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CVSD outlines plans to support students and families impacted by COVID-19

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During its meeting on Monday evening, the Conewago Valley School District outlined its plans to offer more support to students and families who are struggling due to changes from the pandemic.

One member of the audience who said they are not a parent of a child in the district asked how the schools can help students struggling with the mask mandate.

The commenter asked how the district extends offers of help to students who do not want to attend in person.

Dr. Sharon Perry, assistant superintendent of the district, said the pandemic has caused a unique and increased set of needs.

“We are very aware of the challenges that the pandemic has brought all of us, not just children but adults alike, and it’s something that as a school community we recognize the absolute necessity for social-emotional learning,” Perry said.

Perry said the stress and changes from the pandemic, including time out of school and away from their peers and schedules, affect the children in multiple ways.


“For example, when we look at the behavior of a certain age group of students and we wonder, ‘Why are they so immature? Why are they not behaving the way that we would expect them to behave at that particular age?’ That’s why,” Perry said. “They’ve been out of school routines, and support, etc. So we do recognize that and that there is additional need for support both emotionally and socially, as well as academically.”

Perry said the schools have a student support team evaluating students’ needs and extending offers of help, including counseling.

“It’s something that has been a much higher need than historically, but it’s something that as school district leaders and curriculum leaders, that there is conversation about that better support for kids,” Perry said.

Perry added that students also recently took the Pennsylvania Youth Survey to identify other areas of concern.

In a separate address to the board, Perry said the district will soon communicate with parents and students about graduation options for those who do not pass or do not take the Keystone Exams.

“We’re very pleased because we have a plan of how we’re going to address the unique needs of each student so that beginning with the class of 2023, they will all have met the requirements as set forth through Act 158,” Perry said.

Act 158 was signed by Gov. Tom Wolf in 2018.

“Effective with the graduating class of 2023, students have the option to demonstrate postsecondary preparedness through one of four additional pathways that more fully illustrate college, career, and community readiness,” the Pennsylvania Department of Education states on its website.

Act 158 does not do away with the Keystone Exams.

“Keystone Exams will continue as the statewide assessment Pennsylvania uses to comply with accountability requirements set forth in the federal Every Student Succeeds Act (ESSA),” the Department of Education says on its website. “Although students will no longer be required to achieve proficiency on the Keystone Exams to meet the statewide graduation requirement, students must take the Keystone Exams for purposes of federal accountability. Failure to do so will affect a Local Education Agency (LEA) and school’s participation rate.”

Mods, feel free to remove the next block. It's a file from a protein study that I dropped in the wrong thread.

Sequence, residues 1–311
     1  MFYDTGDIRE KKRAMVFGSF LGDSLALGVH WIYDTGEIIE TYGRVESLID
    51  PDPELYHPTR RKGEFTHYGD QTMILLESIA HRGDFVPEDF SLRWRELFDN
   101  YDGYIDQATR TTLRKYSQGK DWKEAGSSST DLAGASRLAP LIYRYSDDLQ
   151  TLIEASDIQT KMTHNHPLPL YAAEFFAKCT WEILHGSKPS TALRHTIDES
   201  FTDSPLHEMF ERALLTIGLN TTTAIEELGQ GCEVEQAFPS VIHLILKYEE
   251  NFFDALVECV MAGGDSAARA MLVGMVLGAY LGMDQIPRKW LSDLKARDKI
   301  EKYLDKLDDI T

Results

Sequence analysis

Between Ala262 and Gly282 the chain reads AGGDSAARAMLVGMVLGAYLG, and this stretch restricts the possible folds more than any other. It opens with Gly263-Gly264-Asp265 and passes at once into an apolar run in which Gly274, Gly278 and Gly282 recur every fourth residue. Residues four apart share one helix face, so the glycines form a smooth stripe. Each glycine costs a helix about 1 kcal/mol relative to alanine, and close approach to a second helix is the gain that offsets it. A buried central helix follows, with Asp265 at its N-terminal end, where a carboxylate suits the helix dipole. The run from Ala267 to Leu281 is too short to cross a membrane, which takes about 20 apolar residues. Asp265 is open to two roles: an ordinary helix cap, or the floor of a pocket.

The information will be provided with families and placed on the website, according to Perry.

Perry said she also recently met with the student advisory council to learn how the school year has been for students.

“I was pleased to hear how excited they were to actually come back this school year, and that they were  happy to see all of their friends and all of their teachers,” Perry said.

Perry said it was rewarding to hear positive feedback.

“To see that excitement come from the students, that they valued the education that we’re providing here at Conewago Valley, I couldn’t have been more proud for the support of the families as well as the students in joining us and giving us their perspective,” Perry said.

Jeffrey Kindschuh, vice president of the board, extended congratulations from the board to several students.

Elizabeth Pfisterer was honored for being the New Oxford High School Rotary Student of the Month in September while Jett Moore and Ally Mathis were congratulated for being nominated as Times Area Players of the Week in Sept. 27 and Oct. 4, respectively. Multiple students were recognized for receiving notices of acceptance to and scholarships for college.

Abigail Sullivan, the district’s student body representative, said students stayed busy in September with a pep rally as well as homecoming, which had 800 people attend.

The 25-minute video stream of the board meeting lost video and audio of the school board less than two minutes into the meeting, resuming about seven minutes later.

The board held an executive session both before and after the open meeting.

The board will hold a study session at 7 p.m. Monday, Nov. 1. The next regular meeting will be held at 7:30 p.m. Monday, Nov. 8.

Both meetings will take place in the district office. Meetings have been streamed on the district’s YouTube page.

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Imari Scarbrough is a freelance journalist. She was a staff newspaper reporter for five years before becoming a freelancer in 2017. She has written on crime, environmental issues, severe weather events, local and regional government and more.

You can visit her website at ImariJournal.com.

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